It is readily apparent from a review of the Act that its primary purpose is to permit and encourage local governments to insulate large areas of land from the increasing tide of development and to thereby promote environmental concerns, enhance conservation of scenic or natural resources, and afford the public increased recreational opportunities. We believe the legislature recognized that local governments would not make significant progress toward these goals by acquiring small tracts of land less than 50 acres in total size in the midst of developed regions. The 50-acre requirement as we have interpreted it prohibits local governments from doing this, but does not unduly restrict their ability to obtain tracts of land comprising at least 50 acres in the aggregate pursuant to the Act.
We also take note that the Act has recently been amended by the legislature (see Pub. Act 85 -- 1140, eff. July 29, 1988). Section 4.02 formerly exempted all land used for farming or agricultural purposes from acquisition through eminent domain. The Act now only exempts such land if it has an area of more than 10 acres. This amendment makes it clear that parcels of less than 50, or even less than 10, acres may be obtained under the Act. Under defendants' interpretation of section 2(b), however, a five-acre parcel of land could only be obtained if at least 45 adjoining acres were obtained simultaneously. In many, if not most instances, a parcel of land with an area of 50 acres or more will not all be owned by the same individual or entity. A local government may have to deal with a large number of landowners in order to obtain 50 acres of land. As a practical matter, defendants' interpretation could compel local governments to institute eminent domain proceedings against each of the landholders under such circumstances, even if many of them would be willing to sell or lease their land to the locality and only a few were recalcitrant. We do not believe that the legislature wished to place such unnecessary impediments in the way of local governments seeking to implement open-space programs.
The amended Act requires local governments enacting open-space programs after July 29, 1988, to draw up an open-space plan specifically setting forth the land which the locality wishes to obtain pursuant to the Act. The voters of the township must then approve the open-space plan in a referendum. (See Pub. Act 85-1140, eff. July 29, 1988 (amending Ill. Rev. Stat. 1987, ch. 139, par. 321 et seq.).) Under our interpretation of section 2(b) of the Act, the tracts of land identified in open-space plans must each have an area of 50 acres or more. If the open-space plans is approved in a referendum, the local government is then authorized to obtain any portion of the parcels of land mentioned in the plan. This interpretation of section 2(b) is consistent with other previously cited provisions of the Act which ensure flexibility with regard to land acquisition and transfer to local governments attempting to implement the Act and attain its worthy objectives of promoting environmental and aesthetic values in their communities.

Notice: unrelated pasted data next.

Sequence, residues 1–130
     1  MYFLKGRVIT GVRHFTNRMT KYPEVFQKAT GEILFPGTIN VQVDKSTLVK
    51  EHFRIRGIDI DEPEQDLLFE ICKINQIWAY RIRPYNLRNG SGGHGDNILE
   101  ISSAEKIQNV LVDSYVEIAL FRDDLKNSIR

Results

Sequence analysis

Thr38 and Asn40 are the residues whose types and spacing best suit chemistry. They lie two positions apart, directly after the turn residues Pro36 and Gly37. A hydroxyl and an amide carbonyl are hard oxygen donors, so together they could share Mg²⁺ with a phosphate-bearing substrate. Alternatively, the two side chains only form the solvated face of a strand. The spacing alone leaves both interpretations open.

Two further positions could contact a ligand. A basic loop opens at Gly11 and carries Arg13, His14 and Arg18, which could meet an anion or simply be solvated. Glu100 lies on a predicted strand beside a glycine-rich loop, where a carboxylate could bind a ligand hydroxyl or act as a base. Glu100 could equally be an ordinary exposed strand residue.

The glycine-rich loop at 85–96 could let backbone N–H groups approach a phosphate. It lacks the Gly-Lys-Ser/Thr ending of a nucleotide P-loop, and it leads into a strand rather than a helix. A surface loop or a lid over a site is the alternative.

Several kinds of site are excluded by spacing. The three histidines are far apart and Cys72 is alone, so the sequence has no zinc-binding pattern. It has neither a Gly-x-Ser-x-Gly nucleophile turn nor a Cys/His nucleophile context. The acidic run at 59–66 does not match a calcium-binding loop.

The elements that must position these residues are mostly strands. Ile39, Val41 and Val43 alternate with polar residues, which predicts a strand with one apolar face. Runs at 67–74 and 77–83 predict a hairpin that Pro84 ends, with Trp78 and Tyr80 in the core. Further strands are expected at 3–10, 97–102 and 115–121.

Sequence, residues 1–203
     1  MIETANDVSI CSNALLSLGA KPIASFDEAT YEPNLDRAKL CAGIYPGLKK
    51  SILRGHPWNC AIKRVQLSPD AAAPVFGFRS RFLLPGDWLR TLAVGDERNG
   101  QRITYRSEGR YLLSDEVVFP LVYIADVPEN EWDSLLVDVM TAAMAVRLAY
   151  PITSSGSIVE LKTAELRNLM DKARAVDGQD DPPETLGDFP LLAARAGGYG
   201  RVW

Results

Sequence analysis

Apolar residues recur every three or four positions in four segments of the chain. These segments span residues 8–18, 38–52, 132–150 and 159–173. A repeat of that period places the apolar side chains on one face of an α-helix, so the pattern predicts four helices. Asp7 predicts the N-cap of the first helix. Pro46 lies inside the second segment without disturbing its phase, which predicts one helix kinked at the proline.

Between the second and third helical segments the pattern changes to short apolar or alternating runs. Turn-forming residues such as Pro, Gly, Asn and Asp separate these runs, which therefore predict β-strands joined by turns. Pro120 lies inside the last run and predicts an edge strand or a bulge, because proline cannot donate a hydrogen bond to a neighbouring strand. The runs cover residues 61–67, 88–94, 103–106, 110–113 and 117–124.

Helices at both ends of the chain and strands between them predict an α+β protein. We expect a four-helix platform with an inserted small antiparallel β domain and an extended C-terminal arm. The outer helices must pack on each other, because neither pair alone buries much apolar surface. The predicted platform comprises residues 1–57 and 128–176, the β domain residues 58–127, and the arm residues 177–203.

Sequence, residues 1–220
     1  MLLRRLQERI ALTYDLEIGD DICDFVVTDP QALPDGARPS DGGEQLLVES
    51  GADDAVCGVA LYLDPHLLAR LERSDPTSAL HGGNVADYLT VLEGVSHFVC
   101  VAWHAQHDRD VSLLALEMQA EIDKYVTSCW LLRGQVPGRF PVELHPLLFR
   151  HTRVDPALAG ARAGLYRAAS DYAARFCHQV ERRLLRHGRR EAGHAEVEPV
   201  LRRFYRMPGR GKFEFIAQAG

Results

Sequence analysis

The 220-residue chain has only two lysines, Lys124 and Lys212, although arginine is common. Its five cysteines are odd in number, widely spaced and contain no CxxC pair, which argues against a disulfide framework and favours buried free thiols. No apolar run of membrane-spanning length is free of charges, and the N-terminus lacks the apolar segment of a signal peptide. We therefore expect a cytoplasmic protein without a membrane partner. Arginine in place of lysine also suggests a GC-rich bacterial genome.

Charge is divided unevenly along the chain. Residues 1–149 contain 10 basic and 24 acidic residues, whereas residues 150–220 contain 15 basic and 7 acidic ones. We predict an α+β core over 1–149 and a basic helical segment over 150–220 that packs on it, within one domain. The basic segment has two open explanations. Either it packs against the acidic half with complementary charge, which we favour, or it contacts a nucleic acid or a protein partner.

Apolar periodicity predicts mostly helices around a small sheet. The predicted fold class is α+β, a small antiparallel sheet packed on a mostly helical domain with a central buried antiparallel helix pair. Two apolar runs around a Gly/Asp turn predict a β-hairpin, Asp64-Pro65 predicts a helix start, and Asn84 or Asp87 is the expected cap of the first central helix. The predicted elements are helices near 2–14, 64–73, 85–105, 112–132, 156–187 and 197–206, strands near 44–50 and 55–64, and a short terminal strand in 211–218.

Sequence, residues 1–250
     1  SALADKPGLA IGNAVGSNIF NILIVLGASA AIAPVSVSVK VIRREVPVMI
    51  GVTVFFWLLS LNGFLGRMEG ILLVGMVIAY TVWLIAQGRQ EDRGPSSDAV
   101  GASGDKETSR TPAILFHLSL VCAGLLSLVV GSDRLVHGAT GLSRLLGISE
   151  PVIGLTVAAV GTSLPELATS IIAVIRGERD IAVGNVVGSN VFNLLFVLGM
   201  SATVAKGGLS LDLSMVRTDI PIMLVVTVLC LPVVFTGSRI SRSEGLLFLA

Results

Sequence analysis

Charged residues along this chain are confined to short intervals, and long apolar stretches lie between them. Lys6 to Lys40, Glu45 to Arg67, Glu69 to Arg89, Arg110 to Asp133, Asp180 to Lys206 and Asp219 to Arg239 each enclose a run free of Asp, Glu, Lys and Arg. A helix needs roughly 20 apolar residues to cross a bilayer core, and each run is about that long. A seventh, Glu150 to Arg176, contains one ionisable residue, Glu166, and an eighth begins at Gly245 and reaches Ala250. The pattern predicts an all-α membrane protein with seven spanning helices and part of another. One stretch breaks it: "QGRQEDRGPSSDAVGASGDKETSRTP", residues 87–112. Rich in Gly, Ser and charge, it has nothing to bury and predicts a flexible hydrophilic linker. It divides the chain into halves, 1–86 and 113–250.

Accordingly, defendant's 10-acre tract of land may be subject to plaintiff's right of eminent domain provided defendant's land is a portion of a tract 50 acres or more being contemporaneously condemned by the plaintiff, or where the defendant's land abuts or adjoins a tract 50 acres or more already owned by the plaintiff as part of its open-space program. The 285 acres of existing township open-space and the 70-acre tract subject to eminent domain proceedings may be taken into account in making the determination whether the taking is in compliance with the definition of open land in section 2(b) of the Act. Since we are of the opinion that the circuit court erroneously concluded that defendants' land was exempt from condemnation under the Act because it was less than 50 acres in size, we reverse the order granting defendants' motion to dismiss and remand the cause for further proceedings. The judgment of the circuit court of Lake County is reversed, and the cause is remanded.
Reversed and remanded.
Reversed and remanded.